With November 2019 marking 30 years since the fall of the Berlin Wall and the start of Eastern Europe’s re-integration with the rest of the continent, the years immediately following can be hard to remember. Berliners’ euphoria aside, the early 1990s were rife with challenges, from Ceausescu’s bloody downfall in Romania to the Balkan wars amid the former Yugoslavia’s collapse. It is in that transformative, uncertain context that John Righten builds up his contemporary historical novel, HEARTBREAK: The Lenka Trilogy Part 1.
The main protagonist is the titular Lenka, a young woman teaching at and helping to run an Irish orphanage with family members both biological and chosen. She is smart, funny, kind, with an undefinable toughness – and throughout the book, these qualities come into sharper relief. Once the Iron Curtain is drawn back, Lenka is pulled into a new world, helping to deliver aid to the former Communist bloc. The journey is presaged (aptly) like a Wild West piece, with real risks. Paying bribes, outwitting would-be thieves or killers, and moments of heartbreaking humanity overlap in unexpected ways. The convoy is led by a humanitarian crew known simply as the Rogues. It’s what they do and they do it well – despite volatile moods and off-color humor. Witnessing Lenka’s integration with these fascinating, well-realized characters gelled in a compelling way. There are exceptions, though, which may grate on readers. While the protagonists are complex and feel grounded, antagonists (with one potential, notable exception) often can be spotted from a mile away. They lack the same depth, with less or little moral ambiguity. Their motivations might be built on in later entries in THE LENKA TRILOGY, but here, they comprise the weaker forms of characterization.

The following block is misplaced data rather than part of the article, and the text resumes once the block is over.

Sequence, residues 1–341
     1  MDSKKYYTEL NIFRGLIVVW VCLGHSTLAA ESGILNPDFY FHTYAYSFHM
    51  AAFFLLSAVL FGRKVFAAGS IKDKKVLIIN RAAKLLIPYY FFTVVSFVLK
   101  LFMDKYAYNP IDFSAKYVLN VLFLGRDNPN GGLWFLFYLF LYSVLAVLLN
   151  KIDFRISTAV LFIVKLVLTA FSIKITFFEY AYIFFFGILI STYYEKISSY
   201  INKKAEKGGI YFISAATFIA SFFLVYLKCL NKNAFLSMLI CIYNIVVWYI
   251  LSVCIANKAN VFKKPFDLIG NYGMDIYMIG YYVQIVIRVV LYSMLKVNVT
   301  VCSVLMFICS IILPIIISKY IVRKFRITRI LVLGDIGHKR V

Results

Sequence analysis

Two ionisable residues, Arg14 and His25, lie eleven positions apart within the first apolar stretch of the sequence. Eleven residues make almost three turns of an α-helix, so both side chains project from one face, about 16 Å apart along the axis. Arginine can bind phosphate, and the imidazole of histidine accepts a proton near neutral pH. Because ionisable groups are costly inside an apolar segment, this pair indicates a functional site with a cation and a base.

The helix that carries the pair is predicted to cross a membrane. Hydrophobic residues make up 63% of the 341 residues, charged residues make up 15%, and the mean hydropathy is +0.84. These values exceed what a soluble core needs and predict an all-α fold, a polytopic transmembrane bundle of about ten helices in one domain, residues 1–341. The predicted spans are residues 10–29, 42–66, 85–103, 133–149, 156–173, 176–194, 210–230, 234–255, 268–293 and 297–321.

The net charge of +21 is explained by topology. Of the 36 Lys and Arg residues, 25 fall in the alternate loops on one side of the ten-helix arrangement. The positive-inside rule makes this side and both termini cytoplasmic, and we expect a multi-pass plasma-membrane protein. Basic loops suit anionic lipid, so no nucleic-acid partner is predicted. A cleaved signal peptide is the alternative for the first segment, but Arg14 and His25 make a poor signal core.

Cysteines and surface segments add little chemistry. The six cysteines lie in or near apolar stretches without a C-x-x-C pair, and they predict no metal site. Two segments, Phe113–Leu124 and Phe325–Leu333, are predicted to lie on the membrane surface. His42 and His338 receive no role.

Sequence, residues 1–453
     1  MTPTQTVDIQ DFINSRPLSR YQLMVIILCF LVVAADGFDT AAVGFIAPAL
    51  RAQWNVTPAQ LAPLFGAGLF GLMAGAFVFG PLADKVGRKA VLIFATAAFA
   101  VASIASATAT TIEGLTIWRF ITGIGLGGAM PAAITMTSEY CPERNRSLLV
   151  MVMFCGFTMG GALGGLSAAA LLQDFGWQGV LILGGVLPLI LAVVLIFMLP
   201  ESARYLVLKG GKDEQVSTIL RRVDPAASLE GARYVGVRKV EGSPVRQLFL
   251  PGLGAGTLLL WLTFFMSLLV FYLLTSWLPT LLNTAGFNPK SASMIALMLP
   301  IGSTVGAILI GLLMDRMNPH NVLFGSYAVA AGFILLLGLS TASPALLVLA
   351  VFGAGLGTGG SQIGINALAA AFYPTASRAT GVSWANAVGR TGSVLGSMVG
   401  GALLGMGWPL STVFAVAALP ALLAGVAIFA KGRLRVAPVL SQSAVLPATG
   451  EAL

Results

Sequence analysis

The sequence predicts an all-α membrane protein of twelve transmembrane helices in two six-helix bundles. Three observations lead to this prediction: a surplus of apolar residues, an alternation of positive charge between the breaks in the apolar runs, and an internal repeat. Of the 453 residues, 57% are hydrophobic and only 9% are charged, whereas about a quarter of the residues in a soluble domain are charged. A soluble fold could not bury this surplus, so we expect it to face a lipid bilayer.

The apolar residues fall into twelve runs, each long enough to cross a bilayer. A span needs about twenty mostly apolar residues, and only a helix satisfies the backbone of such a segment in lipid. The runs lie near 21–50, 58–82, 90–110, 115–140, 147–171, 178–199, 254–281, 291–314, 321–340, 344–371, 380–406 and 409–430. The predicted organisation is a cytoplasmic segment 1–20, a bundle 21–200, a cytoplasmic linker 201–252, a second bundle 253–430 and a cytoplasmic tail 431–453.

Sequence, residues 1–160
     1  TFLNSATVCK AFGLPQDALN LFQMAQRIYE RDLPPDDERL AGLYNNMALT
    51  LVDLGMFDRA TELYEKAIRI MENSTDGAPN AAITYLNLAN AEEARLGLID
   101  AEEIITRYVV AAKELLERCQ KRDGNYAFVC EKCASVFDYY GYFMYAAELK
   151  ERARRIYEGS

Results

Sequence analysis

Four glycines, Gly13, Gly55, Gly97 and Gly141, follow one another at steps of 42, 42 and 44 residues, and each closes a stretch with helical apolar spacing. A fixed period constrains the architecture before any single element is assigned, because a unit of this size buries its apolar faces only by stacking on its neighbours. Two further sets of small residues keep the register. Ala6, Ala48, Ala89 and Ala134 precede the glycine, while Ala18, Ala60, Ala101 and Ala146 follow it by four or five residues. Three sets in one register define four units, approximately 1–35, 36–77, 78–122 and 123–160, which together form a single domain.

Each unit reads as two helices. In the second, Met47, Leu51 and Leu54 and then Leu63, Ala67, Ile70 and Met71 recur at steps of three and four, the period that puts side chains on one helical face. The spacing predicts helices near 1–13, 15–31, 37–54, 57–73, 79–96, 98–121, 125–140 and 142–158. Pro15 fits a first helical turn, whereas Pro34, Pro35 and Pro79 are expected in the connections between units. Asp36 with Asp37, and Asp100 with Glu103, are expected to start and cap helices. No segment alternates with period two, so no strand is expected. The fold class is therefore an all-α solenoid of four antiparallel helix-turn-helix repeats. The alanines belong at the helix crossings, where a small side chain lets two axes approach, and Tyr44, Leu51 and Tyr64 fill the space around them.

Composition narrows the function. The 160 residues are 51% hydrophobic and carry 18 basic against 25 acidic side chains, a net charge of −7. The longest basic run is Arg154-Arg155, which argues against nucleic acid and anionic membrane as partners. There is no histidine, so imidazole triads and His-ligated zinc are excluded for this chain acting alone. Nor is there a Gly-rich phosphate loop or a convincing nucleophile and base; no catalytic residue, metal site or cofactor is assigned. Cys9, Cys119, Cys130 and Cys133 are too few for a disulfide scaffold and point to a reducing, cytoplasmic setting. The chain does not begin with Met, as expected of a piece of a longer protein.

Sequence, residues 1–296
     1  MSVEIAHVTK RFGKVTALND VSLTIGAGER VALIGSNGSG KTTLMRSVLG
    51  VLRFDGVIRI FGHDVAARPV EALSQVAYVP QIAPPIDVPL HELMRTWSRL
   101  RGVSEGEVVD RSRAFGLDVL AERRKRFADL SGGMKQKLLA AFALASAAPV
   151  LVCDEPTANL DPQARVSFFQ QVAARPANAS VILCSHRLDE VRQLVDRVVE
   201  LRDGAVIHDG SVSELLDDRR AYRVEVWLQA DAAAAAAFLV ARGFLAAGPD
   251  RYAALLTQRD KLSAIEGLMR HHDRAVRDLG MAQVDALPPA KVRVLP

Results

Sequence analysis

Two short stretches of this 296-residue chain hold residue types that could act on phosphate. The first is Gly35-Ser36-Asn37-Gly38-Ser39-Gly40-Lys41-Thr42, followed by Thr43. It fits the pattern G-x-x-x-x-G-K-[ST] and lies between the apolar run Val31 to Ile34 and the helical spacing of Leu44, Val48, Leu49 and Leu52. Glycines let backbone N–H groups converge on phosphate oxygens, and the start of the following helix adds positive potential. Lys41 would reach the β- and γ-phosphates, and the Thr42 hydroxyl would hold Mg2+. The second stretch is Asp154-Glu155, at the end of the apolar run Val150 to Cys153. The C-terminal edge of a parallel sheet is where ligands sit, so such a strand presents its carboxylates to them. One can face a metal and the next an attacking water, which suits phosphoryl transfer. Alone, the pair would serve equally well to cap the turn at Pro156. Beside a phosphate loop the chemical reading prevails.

The broader issue concerns the same backdrop introduced above – the geopolitics of 1990s Europe. As a contemporary history novel, it’s daring to set a piece in an epoch well within lived memory. Sometimes these issues are merely nitpicky facts (the sunrise time in Sopron, Hungary, can be Googled; it’s a couple hours earlier than in the text). At other times, however, they become more substantial. In particular, there’s the overarching conflict between protagonists and antagonists, at least insofar as it’s established in HEARTBREAK’s first installment. The drama can feel pulled from James Bond or Ethan Matthew Hunt. That can work—and more often than not, it does—but it’s a delicate matter when real-world crimes like systemic child abuse in the former Communist states or mass murder in the Balkans are subsumed within the characters’ personal stakes. It robs the largely anonymous sufferers of their agency, and their experiences of historical accuracy, in ways that can be frustrating. Those issues aside, HEARTBREAK’s first entry will leave many readers eager to figure out all the remaining mysteries throughout the trilogy’s later installments.
John Righten’s excellently drawn lead characters and spot-on tone make HEARTBREAK, part one of THE LENKA TRILOGY, instantly absorbing and does what every good series starter must–hooks the reader quickly, making them eager to know what comes next.
~Andy Carr for IndieReader